Exclusive Interview: Domesticating Dragons Author Dan Koboldt

 

In the original Planet Of The Apes movies, simians were originally domesticated to be pets because dogs and cats had gone extinct. But then, of course, they realized the monkeys, etc., could be used as slave labor, and the next think they knew, it was the future, and apes had become our masters. But what if, instead of trying to turn gorillas into pets, they had created designer dragons. It’s an idea explored in Dan Koboldt’s new sci-fi novel Domesticating Dragons (paperback, Kindle). In the following email interview about it, Koboldt discusses what inspired and influenced this story, as well as why, despite being about dragons, it’s not a fantasy tale.

Dan Koboldt Domesticating Dragons

I always find it best to start with an overview of a book’s plot. So, what is Domesticating Dragons about, and when and where is it set?

It’s about a genetic engineer who goes to work for a company that designs living dragons that are sold as pets and service animals. It’s near future science fiction, but it draws on a number of real-world scientific concepts and technologies.

Where did you get the original idea for this story, and how, if at all, did that idea evolve as you wrote it?

I first wrote this story as a novella. At the time, I was aiming for something that combined dragons with the genetics research that I do for my day job. Some of the feedback I got on that early story brought up some fundamental questions, like why the main character would choose to work at a company that made dragons, and what else must be going on in the world for dragons to be so important. I decided to make it a full-length novel so I could answer both questions.

You said a moment ago that Domesticating Dragons is sci-fi, but anything with dragons always makes me think of fantasy.

I honestly don’t feel there are as many fantasy elements in this book as people might think. Instead, it leans more into the technothriller genre, which might appeal to fans of Michael Crichton.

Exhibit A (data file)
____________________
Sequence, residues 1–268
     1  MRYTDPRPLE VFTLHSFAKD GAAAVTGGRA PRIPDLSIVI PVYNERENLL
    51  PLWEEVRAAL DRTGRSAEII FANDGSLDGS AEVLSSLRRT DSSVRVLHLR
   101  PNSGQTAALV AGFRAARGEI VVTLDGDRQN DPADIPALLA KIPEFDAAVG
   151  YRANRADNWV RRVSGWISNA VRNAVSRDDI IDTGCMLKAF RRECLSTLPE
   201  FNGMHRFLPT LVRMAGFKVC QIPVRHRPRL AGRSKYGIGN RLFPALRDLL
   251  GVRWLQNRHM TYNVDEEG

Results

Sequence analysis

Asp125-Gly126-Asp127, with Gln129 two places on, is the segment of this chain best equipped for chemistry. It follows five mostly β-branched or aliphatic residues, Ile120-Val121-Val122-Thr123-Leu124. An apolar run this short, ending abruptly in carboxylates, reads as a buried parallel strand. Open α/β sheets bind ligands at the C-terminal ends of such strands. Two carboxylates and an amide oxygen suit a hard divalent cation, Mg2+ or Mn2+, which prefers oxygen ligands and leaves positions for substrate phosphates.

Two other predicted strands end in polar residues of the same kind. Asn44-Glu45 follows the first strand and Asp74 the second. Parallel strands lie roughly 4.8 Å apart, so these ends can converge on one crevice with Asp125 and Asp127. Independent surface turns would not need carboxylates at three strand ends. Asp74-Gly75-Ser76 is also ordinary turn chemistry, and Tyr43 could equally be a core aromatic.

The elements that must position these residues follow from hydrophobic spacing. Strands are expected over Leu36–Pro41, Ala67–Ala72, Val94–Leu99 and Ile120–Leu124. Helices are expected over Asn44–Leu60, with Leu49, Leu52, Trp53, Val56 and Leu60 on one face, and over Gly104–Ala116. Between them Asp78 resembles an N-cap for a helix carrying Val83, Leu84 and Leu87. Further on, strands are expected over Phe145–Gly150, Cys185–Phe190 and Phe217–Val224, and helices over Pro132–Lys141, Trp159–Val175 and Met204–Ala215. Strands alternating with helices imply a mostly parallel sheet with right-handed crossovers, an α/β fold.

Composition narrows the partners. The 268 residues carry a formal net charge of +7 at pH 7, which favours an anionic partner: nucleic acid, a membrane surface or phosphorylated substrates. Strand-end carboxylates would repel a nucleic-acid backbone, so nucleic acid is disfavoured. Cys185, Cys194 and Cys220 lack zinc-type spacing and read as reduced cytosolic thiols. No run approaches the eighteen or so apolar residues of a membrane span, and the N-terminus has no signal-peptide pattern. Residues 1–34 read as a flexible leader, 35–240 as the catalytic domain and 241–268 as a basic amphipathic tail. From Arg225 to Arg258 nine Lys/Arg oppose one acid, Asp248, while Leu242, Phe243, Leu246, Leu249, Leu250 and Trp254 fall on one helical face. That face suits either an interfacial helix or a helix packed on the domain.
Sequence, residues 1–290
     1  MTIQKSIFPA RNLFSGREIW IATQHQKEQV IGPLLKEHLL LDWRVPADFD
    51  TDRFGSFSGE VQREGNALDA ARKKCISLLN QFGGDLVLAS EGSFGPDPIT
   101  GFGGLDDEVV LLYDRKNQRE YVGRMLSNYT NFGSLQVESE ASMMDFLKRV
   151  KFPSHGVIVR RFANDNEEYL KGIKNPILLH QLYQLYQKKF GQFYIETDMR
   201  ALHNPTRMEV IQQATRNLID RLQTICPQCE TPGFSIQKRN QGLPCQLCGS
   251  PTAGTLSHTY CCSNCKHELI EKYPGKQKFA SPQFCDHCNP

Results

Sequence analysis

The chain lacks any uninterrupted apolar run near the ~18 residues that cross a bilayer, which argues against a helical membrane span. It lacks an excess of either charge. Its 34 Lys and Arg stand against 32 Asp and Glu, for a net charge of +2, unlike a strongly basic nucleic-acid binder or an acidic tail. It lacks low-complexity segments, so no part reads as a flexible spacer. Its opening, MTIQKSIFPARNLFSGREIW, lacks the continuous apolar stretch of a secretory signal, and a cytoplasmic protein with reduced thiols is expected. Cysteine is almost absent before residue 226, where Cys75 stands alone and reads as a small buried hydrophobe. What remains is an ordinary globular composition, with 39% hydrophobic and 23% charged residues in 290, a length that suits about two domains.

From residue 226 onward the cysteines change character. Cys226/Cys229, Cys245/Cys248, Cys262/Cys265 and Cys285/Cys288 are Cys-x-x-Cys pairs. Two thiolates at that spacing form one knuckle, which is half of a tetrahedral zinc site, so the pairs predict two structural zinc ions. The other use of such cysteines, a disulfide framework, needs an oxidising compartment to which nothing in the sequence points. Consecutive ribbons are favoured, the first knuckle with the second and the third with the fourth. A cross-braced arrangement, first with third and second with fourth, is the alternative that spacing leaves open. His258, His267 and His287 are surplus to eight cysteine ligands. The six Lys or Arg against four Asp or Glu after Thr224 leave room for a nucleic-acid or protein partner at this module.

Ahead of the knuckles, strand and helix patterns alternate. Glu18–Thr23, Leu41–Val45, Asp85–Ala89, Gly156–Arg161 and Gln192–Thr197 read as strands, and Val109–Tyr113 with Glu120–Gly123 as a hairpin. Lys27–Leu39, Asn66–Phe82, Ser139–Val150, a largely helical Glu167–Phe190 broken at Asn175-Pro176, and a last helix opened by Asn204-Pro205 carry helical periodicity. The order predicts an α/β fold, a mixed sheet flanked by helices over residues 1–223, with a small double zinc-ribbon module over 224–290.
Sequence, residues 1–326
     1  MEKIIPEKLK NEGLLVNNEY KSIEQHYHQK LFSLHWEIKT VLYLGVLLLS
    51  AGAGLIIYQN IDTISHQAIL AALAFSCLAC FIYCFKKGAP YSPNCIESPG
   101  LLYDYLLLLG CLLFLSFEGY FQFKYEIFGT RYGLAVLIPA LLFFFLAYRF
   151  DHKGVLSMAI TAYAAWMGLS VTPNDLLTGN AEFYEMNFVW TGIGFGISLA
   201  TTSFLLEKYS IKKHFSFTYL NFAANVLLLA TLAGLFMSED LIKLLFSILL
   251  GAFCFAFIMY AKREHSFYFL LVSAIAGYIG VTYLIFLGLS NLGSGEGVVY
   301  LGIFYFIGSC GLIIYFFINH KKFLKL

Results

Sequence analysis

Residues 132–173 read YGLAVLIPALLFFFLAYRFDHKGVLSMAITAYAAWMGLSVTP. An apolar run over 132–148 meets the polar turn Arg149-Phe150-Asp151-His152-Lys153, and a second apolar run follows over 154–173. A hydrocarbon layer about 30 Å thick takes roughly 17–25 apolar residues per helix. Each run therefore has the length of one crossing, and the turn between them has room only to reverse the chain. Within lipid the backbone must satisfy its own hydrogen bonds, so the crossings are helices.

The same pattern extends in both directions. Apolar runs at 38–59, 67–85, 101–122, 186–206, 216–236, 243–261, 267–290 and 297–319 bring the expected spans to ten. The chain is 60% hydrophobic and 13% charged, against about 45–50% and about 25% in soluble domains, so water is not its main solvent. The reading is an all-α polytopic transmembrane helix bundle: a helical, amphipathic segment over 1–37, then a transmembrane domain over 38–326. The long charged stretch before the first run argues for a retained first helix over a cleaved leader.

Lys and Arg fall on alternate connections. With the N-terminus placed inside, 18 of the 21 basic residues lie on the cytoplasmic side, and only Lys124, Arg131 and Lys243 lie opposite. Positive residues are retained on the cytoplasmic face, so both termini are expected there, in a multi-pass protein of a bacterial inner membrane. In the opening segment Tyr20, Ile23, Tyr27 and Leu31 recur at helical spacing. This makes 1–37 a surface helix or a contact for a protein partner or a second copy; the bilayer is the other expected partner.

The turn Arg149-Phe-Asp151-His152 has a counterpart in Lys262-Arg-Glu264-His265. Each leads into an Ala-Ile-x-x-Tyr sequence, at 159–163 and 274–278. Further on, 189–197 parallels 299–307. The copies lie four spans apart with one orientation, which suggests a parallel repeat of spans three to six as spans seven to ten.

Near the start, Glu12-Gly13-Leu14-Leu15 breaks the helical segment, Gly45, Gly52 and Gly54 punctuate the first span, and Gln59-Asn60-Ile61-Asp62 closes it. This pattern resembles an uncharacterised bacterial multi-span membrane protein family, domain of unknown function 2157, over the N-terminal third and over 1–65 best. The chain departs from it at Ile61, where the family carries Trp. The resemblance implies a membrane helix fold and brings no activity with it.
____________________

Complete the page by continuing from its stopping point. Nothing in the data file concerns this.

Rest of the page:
And hey, I’d be remiss not to point out that there’s an enemies-to-lovers romantic subplot that I’m especially proud of. I have a lot of friends who write romance and they must be rubbing off on me.

The title also makes it sound like a how-to. I know it’s not, but are there any helpful tips as to how to domesticate a dragon in Domesticating Dragons? Not that I have a dragon in my apartment that isn’t house trained, that would be crazy….

Wouldn’t that be nice? But you raise a good point about the difference between taming a wild animal and domesticating a species. Wild animals that you tame — like the lions and tigers in a circus — are still inherently wild animals. They might become accustomed to human contact, but they can still be dangerous to their handlers. And if they procreate (the animals, not the handlers), the offspring will be just as wild. Domestication, by contrast, is usually a process that takes place by selective breeding across many generations.

I guess what I’m trying to say is that if you catch a komodo dragon, try to get a docile one. And make sure you lock his cage at night.

Now, dragons have been presented in very different ways, be it Game Of Thrones, the How To Train Your Dragon movies, or that Rick & Morty episode with the slut dragons. What kind of dragons are in Domesticating Dragons, and did you base them on the dragons in some other novel or movie or an Adult Swim show?